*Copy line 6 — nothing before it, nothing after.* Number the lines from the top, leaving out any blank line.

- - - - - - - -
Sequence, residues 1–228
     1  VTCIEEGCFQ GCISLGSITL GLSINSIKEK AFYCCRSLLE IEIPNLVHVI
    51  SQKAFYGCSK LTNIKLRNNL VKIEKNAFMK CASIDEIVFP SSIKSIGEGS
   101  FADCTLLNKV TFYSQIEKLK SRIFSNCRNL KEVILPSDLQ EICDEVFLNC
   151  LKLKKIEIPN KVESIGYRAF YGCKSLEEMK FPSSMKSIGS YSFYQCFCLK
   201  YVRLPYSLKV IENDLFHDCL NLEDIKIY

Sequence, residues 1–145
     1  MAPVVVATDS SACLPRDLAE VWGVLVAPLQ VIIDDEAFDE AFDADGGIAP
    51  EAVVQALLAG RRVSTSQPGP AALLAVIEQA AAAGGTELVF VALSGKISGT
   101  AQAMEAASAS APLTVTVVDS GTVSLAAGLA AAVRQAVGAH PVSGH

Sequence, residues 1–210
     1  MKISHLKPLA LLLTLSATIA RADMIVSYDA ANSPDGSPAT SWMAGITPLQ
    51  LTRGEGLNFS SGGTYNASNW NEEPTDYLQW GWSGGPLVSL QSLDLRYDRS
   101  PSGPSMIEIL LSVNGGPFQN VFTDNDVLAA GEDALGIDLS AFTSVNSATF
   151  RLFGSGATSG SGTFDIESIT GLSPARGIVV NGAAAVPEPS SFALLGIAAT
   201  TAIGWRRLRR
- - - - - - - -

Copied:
   201  YVRLPYSLKV IENDLFHDCL NLEDIKIY